In its 60 years of existence, the Grammys have remained the most compelling event of awards season. A lot has changed since the music’s best and brightest gathered in the Grand Ballroom of the Beverly Hilton in 1959. This arena-sized event now features more categories, more awards and a bounty of Grammy performances, each one more ambitious than the next. From Michael Jackson‘s famed Moonwalk to cross-generational collaborations and let’s not forget Bob Dylan‘s “Soy Bomb” incident, the Grammys have no shortage of memorable moments. Now with “Music’s Biggest Night” returning to New York for the first time in 15 years, here are some best Grammy performances of all time.
Stevie Wonder: You Haven’t Done Nothin (1974)
In the annals of Grammy history, Stevie Wonder has no shortage of accolades to his name and history-making Grammy performances, from his “Superstition” performance after taking home album for the year for Innervisions to taking part in the star-studded ensemble with Nile Rogers, Daft Punk and Nile Rodgers in 2014. But in 1974, he brought the house down with his political anthem, “You Haven’t Done Nothin” that had everyone up and dancing in their seats and electrified audiences at home.
Ella Fitzgerald And Mel Tormé (1976)
While jazz icon Ella Fitzgerald was never an official performer at the Grammy Awards, she still managed to steal the show when her and co-presenter Mel Tormé launched into an impromptu scat session on live television, showing the kids how it’s done. Even 17 years after she won during the first Grammy awards, it was a rare treat to see her appear on a televised performance. Mel Tormé is no slouch either.
Rick James: Give It To Me Baby (1982)
Sequins, glitter and unadulterated sex appeal, these are the hallmarks of a Rick James performance. James was nominated for both Best Rock and Best R&B performance, a prime example of his crossover appeal. Introduced by a clean-cut John Denver, the emcee introduced him by saying, “First there was rock. Then there was hard rock. Then there was punk rock, and now thanks mainly to our next performer, there’s punk funk,” before James took to gyrating around the stage, playing the drums and keyboard and the audience.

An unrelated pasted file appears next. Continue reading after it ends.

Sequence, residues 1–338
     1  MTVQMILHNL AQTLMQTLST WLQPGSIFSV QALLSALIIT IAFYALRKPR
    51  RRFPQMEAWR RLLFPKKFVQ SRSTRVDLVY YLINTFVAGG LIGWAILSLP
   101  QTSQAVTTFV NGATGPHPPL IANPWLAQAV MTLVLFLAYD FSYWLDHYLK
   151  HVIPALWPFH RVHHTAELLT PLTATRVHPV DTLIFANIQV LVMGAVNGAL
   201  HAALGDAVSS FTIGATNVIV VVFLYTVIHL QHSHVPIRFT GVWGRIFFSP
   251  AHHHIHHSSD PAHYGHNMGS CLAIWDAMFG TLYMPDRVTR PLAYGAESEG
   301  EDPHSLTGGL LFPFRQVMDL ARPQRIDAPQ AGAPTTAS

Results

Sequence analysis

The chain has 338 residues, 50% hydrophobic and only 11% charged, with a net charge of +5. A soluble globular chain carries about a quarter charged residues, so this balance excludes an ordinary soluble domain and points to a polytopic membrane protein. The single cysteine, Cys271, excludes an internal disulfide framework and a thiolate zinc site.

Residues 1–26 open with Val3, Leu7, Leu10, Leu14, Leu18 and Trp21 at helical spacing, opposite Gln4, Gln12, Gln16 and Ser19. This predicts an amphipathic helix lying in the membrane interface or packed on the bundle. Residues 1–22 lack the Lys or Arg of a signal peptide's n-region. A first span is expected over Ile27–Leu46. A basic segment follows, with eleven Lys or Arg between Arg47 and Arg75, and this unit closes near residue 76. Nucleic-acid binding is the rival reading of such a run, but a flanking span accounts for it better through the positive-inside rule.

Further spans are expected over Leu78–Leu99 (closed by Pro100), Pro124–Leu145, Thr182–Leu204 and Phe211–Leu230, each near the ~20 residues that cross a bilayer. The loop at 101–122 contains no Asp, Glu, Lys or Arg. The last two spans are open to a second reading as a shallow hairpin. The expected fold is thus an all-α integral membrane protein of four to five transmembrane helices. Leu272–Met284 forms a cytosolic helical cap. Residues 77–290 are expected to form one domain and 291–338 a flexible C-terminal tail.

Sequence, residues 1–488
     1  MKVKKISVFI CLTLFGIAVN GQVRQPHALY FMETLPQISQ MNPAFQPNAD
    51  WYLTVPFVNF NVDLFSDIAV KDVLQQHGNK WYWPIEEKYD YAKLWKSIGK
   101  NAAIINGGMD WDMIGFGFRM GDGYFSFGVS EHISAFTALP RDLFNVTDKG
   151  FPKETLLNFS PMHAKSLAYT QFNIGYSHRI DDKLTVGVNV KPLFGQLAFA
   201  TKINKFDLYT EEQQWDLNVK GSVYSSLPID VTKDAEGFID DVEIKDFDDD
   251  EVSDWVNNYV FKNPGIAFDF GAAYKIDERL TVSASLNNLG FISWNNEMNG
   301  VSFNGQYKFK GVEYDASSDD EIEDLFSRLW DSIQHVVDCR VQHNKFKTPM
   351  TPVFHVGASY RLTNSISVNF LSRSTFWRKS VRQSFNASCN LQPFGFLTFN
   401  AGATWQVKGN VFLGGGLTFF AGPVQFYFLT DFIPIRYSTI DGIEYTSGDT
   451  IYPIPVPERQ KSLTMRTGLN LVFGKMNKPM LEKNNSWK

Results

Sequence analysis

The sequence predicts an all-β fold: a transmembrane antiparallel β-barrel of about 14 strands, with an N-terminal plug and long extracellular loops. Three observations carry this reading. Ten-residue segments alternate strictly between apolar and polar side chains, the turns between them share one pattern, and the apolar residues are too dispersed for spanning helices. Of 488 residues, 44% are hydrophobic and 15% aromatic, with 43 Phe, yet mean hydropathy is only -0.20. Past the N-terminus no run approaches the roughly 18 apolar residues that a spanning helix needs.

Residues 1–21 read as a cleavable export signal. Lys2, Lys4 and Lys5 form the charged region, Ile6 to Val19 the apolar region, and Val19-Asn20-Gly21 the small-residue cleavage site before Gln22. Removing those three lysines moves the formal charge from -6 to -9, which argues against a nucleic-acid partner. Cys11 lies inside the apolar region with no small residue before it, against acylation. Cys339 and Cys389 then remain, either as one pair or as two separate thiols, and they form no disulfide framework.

Herbie Hancock: Rockit (1984)
When future generations ask, what were the 80s like, you can just point them to this video of veteran jazz pianist Herbie Hancock with his keytar surrounded by break-dancers, disembodied androids and Grandmaster D.ST scratching behind him. That year saw breakout Grammy performances from both Prince and Tina Turner but Hancock’s electronic-crossover set remains a touchtone in hip-hop culture and MTV.
Chuck Berry, Stevie Ray Vaughan And George Thorogood: Maybellene (1984)
When three guitar greats get together, sparks will fly, which is what happened when these legends convened on one stage to honor Chuck Berry, who was to receive a Lifetime Achievement Award. Berry goes full duck walk before bringing the two blues guitarists Stevie Ray Vaughan and George Thorogood up on stage to join his performance of “Maybellene,” followed by his other iconic hit,, “Roll Over Beethoven.” After their set was over, Berry accepted his award with a hearty “Long live rock ‘n’ roll!”
Eric Clapton: Tears In Heaven (1993)
There wasn’t a dry eye in the house after Eric Clapton delivered one of the more emotionally affecting Grammy performances in the history of the awards with his 1993 rendition of “Tears In Heaven.” That year’s emcee Garry Shandling had joked that Slowhand would clean up at the awards and Clapton certainly did, becoming the first British artist to win six awards in one night, including Record Of The Year for ‘Tears In Heaven’ and Album Of The Year for Unplugged.
Shania Twain: Man I Feel Like A Woman (1999)
Dressing the part of country-pop crossover star, Shania Twain debuted her new look à la Robert Palmer complete with a racy corset dress, over-the-knee boots and a choker at the 41st annual Grammy Awards. A far cry from the Grand Ole Opry both in terms of sound and style, Shania set her sights beyond Nashville on that stage and throughout her career.
Elton John And Eminem: Stan (2001)
The Grammys have always made for unlikely bedfellows, but none was more surprising than when Eminem and Sir Elton John performed the hit song “Stan” at the 2001 Grammy Awards. The controversial rapper was dealing with backlash for his perceived homophobic lyrics and GLADD was even picketing outside the Staples Center, so when the openly gay Elton John showed up on stage to sing the Dido part, it caught everyone off guard. While it didn’t silence critics entirely, it did paint Em in a better light and led to a long-time friendship between the two.
U2: Beautiful Day (2001)